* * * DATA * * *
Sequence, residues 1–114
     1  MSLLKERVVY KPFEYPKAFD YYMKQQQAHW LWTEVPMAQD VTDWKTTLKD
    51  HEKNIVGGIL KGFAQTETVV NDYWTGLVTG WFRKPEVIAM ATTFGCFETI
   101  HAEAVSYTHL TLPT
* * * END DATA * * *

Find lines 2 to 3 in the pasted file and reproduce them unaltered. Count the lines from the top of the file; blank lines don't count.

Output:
     1  MSLLKERVVY KPFEYPKAFD YYMKQQQAHW LWTEVPMAQD VTDWKTTLKD
    51  HEKNIVGGIL KGFAQTETVV NDYWTGLVTG WFRKPEVIAM ATTFGCFETI